Artist removes halo, adds blue ribbon

OK, there is this mural of all sorts of important people including Joe Paterno in downtown State College PA. The artist who painted the mural added a halo over Joe’s head after Paterno died earlier this year. Now that it has come out that Paterno was apparently aware that Sandusky was abusing kids and protected the molester (or, at very best, failed to act on the reports or allow others to intervene), the artist has painted the halo out again. He also added a blue ribbon to Paterno’s coat in the mural.*  I was not aware of this, but apparently a blue ribbon means you support the victims of child sexual abuse.

Artist Michael Pilato working on the mural

I don’t have a horse in this race, being uninterested in football, not a victim of sexual abuse** and not a Penn State fan, but, seriously, what the fuck?  Isn’t adding a blue ribbon to the image of Paterno kind of adding insult to injury since he helped keep Sandusky in a position where Sandusky could keep molesting kids? Isn’t that “accessory to the crime” or “conspiracy to conceal a crime” territory?

The whole colored ribbon thing starts to make me suspicious anyway since it seems to be a way of looking like you are doing something without doing something.  I mean, I guess I can stick a yellow ribbon on the back of my car and it means I want you to know I support the troops or pin a pink ribbon to my lapel and it means I want you to know I support breast cancer research — and maybe that’s helpful because it might spread awareness of the cause. But the cynical side of my nature thinks that it can also be a ‘heart on my sleeve’ gesture done primarily to show others that “I’m a swell person who cares about this cause so you should like me.”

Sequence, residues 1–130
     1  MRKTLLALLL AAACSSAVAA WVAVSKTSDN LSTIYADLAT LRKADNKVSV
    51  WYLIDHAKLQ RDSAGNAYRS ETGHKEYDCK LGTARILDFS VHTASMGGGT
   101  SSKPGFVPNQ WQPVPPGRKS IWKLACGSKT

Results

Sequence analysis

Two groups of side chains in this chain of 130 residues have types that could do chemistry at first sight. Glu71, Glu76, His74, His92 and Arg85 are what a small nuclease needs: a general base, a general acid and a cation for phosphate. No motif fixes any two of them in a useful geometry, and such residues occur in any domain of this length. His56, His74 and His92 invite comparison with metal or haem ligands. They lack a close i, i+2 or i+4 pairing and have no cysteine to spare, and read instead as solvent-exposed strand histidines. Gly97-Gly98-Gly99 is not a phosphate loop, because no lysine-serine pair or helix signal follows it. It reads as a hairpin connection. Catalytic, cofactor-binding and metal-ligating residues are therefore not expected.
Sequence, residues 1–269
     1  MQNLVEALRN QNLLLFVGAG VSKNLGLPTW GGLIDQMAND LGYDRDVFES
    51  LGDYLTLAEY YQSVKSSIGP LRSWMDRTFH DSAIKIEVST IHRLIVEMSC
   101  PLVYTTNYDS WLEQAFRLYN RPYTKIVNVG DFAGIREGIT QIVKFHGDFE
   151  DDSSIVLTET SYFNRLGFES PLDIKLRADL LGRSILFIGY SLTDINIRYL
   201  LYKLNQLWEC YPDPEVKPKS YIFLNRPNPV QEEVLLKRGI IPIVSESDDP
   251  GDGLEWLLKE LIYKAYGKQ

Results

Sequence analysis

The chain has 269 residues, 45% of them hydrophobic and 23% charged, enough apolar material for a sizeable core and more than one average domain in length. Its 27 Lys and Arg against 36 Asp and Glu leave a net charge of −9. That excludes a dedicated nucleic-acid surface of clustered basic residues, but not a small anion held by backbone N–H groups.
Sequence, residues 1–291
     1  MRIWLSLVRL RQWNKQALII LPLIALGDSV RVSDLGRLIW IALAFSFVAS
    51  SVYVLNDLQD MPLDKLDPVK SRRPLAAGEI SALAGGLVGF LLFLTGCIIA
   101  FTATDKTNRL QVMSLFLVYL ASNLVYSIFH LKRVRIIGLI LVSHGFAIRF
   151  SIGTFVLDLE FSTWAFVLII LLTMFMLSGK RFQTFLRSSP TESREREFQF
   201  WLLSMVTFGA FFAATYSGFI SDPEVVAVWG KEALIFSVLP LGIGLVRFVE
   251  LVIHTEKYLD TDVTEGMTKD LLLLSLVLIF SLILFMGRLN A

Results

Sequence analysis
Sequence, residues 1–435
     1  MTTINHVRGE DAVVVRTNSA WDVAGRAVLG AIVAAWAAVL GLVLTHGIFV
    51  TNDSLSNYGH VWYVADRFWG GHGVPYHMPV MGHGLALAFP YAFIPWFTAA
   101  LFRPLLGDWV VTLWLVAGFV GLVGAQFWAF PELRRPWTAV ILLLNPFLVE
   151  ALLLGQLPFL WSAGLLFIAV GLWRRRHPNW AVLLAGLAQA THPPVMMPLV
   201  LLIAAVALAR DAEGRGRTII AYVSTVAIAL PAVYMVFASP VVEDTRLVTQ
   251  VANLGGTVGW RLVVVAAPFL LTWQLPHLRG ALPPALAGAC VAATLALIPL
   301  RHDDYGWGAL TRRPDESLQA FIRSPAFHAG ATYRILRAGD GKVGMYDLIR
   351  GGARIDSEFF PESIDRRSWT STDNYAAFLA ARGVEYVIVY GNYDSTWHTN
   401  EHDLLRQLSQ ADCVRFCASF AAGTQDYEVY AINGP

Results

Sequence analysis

I think there ought to be a special color of ribbon for people who knew someone else was doing something really fucked up and they had the power to stop it but decided not to do anything about it. And that’s the color of ribbon that ought to be painted on the portrait of Paterno (and a good portion of the Catholic clergy) and other people who look the other way. 

It’s fine to have heroes, I guess, and if you love Penn State or “Paterno-ball,” then maybe you will want murals and statues and libraries named after him. But please don’t try to imply that he was ‘sympathetic to the cause’ of preventing child sex abuse by painting a blue ribbon on his lapel like some kind of a medal. He wasn’t. Paterno chose football and the school’s image and his friendship with Sandusky and the fact that he probably didn’t want to deal with a scandal over protecting the kids of people he didn’t know from sex abuse. He shouldn’t get to wear the blue ribbon.

* Apparently Sandusky used to be in the group portait and was painted out. Source.

**Yeah, I’m against it — who isn’t? I just can’t claim the cause has greater personal resonance for me than many of the other ways in which humans fuck one another over.

5 Comments on “Artist removes halo, adds blue ribbon”

  1. Fumblefail says: